One year after the first regulatory reform in 15 years, one lawmaker says the state’s tools are still not strong enough. “There are certain violations that absolutely merit a facility being shut down.”
A lawmaker cites the state’s “clean look, clean feel” and strong family values. But the answer is a complex combination of history, culture and weak rules and regulations. Regulators haven’t closed a facility in the last five years.
Six years ago, a cruel disciplinary act against a young girl was kept secret — she had been forced to sit in a horse trough filled with cold water for 30 minutes. The incident only became public after the Sent Away team released a database of records that included every violation report documented at youth treatment facilities statewide. Today the state is planning to release violation and disciplinary information online.
Inappropriate contact between children and staff members has happened with some frequency in Utah’s teen treatment programs. Between November 2018 and July 2021, state regulators investigated at least 20 reports of staff pushing the boundaries with children, sometimes amounting to sexual abuse. State records show that 13 people resigned or were fired from youth treatment facilities after allegations of inappropriate sexual behavior during that time, according to a data analysis from Sent Away journalists.
“Secure transport services,” a shadowy corner of the teen-treatment industry, are almost entirely unregulated. Parent-hired transporters can pull kids from their beds, handcuff them, hold them down or blindfold them. In Utah, a legislator who recently sponsored a bill that brought regulatory reform to the state’s booming teen-treatment industry said he wants to take a closer look at how kids from all over the country are getting to the state for treatment.
The once-ascendant youth treatment company has agreed to shutter its 14th center in the past three years following a state report that found abuse of kids with autism, including one resident who was allegedly whipped with a tree branch.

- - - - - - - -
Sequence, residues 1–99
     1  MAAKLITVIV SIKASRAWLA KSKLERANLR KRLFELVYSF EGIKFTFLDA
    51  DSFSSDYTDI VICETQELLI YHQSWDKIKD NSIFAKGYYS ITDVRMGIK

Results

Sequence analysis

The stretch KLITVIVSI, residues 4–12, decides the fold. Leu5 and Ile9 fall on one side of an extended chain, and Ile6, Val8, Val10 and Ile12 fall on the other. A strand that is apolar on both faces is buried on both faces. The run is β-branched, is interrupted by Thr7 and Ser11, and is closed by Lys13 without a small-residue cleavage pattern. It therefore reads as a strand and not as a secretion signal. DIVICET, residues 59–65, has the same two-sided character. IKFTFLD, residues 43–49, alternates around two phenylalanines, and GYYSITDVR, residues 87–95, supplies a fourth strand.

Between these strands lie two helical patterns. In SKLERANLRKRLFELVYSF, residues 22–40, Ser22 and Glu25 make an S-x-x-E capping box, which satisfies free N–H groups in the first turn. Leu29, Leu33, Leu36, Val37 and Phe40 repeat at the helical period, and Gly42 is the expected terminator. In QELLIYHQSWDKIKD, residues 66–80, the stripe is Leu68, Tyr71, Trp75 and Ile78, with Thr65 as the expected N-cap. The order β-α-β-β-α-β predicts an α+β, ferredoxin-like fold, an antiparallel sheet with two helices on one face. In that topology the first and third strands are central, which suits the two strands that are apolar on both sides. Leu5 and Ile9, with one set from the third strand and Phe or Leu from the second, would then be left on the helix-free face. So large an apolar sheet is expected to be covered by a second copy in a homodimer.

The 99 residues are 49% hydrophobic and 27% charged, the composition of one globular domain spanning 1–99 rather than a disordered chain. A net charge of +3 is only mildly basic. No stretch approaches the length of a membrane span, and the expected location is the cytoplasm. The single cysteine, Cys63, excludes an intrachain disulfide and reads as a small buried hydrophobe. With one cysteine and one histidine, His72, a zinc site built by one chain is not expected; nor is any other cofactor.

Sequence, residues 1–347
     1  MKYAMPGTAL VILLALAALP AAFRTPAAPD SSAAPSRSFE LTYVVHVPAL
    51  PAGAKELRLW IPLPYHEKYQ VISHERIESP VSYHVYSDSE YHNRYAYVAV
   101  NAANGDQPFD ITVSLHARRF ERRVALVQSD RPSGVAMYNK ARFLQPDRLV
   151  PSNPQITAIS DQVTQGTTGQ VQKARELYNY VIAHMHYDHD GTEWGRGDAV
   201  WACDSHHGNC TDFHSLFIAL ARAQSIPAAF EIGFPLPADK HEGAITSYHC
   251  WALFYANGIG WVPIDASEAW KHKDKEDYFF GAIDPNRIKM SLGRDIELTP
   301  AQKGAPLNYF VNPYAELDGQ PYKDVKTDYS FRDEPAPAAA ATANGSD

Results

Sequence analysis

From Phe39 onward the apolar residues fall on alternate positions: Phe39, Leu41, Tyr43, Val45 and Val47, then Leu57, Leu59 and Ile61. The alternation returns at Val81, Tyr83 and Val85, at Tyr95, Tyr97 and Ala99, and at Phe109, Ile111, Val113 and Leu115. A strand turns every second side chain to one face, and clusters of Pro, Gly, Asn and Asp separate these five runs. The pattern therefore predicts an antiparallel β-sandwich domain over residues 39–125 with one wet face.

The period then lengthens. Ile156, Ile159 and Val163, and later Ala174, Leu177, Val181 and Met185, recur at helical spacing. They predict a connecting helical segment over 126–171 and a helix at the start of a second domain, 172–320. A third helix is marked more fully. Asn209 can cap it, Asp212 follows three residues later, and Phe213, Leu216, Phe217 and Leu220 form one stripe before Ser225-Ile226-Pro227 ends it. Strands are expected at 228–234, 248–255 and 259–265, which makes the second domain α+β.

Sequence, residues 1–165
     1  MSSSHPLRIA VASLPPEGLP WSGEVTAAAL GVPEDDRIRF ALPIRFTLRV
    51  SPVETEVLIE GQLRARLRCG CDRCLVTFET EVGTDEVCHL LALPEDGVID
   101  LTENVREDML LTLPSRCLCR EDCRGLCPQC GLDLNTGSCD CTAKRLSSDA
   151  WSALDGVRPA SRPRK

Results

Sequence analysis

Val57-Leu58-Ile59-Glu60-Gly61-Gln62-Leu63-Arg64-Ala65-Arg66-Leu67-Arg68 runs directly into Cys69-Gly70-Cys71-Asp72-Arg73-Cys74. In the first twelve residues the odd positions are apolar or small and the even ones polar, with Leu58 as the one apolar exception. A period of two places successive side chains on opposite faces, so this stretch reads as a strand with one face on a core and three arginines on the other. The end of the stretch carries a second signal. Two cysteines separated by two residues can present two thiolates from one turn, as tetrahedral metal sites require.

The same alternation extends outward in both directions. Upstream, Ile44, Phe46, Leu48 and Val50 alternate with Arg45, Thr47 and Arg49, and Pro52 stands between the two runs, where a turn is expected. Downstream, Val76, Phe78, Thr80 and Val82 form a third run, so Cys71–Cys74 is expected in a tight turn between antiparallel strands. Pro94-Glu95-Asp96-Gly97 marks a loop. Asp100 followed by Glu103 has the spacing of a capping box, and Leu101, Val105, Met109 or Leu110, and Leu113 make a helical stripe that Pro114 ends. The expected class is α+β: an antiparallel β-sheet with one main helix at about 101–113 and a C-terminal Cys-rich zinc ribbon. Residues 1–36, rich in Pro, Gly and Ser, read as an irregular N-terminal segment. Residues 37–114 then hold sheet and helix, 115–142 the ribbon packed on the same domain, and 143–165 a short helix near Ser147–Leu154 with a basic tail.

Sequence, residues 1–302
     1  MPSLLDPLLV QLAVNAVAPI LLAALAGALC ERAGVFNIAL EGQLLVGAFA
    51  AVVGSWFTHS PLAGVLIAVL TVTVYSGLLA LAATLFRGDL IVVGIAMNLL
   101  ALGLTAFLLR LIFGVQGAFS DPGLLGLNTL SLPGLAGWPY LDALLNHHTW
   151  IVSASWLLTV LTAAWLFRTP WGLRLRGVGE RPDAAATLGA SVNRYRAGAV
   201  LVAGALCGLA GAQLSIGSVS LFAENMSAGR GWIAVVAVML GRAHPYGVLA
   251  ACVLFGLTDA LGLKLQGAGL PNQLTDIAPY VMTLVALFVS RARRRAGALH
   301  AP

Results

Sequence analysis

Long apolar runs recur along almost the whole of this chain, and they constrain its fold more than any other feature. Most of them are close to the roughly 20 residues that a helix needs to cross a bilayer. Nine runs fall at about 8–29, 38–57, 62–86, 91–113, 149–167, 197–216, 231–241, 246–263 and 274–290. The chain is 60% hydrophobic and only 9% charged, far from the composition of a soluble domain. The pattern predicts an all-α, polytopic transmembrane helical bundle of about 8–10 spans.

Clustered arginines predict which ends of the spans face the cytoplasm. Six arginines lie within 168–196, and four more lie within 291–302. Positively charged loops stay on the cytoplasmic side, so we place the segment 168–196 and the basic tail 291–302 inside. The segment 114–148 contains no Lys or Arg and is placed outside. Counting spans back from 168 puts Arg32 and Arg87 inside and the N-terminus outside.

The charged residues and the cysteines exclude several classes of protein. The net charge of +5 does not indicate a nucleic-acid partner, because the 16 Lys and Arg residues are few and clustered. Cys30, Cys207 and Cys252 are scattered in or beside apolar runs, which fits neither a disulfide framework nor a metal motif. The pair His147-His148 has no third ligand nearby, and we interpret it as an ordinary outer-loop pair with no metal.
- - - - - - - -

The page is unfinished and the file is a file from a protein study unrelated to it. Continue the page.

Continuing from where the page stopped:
Up until 2019, the agency regulating Utah’s massive youth treatment industry rarely cited facilities for violating rules — even after cases of abuse. After a 2016 incident left a teenager with a concussion, state regulators listened to his mom’s complaint — and then did nothing about it.
The families of 17 kids settled their lawsuit against the owner of Mesabi Academy for $1.495 million, even as more treatment centers closed, forcing youth with mental health needs to wait months for care.
Utah has become a national center for youth treatment, and it goes easy on the industry. At one facility, teen girls were forced to sit in a horse trough as punishment, and state regulators chose not to punish the people who did it.
A yearlong investigation led by APM Reports finds the company took in some of the most difficult-to-treat children while keeping costs low in pursuit of profit and expansion. The result was dozens of cases of physical violence, sexual assault and improper restraints. Despite repeated scandals, many states and counties continue to send kids to Sequel for one central reason: They have little choice.
• Legal settlement nears • Some former residents are in jail or charged with crimes • Whistleblower has no regrets • The state changes how it regulates juvenile facilities • Buhl can't find a buyer for the building KidsPeace left behind
Findings released after investigation into charges of maltreatment, safety violations, poor supervision and training. Governor wants oversight system changed. The center closed June 30 after an investigation by APM Reports.
Families and counties are scrambling to place children after Mesabi Academy said it would close its doors June 30. Hennepin and Ramsey counties have sent more complaints about the correctional facility.
A flawed, confused system prevents judges, social services officials and guardians from discovering critical information about the condition of the residential treatment facilities regulated by the Department of Corrections. Mesabi Academy, scheduled to close next month, is a case study. Since opening in 1998, the juvenile correctional facility had been seen as a reliable jobs provider, receiving subsidies from government and tens of millions of dollars in loans from its parent. But attempts to sustain the business may have compromised resident and worker safety.
Minnesota's Department of Corrections tracks reports about the 60-plus juvenile residential treatment centers it licenses. But it does little to disseminate that information. APM Reports obtained the data about what the department calls incidents and complaints for 2009 to March 2016 and sorted it in this searchable table.